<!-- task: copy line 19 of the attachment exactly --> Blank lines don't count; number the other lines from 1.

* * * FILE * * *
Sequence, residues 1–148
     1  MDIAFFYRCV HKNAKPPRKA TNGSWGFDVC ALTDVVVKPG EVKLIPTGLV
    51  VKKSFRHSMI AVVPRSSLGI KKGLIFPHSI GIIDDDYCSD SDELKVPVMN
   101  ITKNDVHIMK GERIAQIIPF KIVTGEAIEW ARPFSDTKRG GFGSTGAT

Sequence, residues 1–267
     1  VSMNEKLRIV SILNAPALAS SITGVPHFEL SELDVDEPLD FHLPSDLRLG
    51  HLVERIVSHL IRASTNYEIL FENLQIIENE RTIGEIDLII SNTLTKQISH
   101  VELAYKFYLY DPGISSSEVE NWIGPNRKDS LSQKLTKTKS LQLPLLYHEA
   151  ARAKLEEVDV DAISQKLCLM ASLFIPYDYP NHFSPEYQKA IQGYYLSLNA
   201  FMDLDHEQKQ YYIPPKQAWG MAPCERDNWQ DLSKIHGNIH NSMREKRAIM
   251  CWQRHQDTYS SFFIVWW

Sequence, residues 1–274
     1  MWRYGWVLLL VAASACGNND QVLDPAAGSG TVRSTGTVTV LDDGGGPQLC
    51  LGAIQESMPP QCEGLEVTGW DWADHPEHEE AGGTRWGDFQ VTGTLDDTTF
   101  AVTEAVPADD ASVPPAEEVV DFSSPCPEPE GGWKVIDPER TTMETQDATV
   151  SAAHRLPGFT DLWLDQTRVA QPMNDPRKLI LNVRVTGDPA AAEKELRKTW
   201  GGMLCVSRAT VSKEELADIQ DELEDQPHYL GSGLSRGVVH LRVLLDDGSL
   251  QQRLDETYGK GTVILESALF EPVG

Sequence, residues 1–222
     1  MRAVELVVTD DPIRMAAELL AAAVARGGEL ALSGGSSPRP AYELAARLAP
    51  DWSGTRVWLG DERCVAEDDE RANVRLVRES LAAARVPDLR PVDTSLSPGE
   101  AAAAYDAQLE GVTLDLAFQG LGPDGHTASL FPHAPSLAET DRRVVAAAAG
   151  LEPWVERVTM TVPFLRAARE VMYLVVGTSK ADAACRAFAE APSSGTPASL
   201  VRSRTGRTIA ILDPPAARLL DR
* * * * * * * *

Sequence, residues 1–222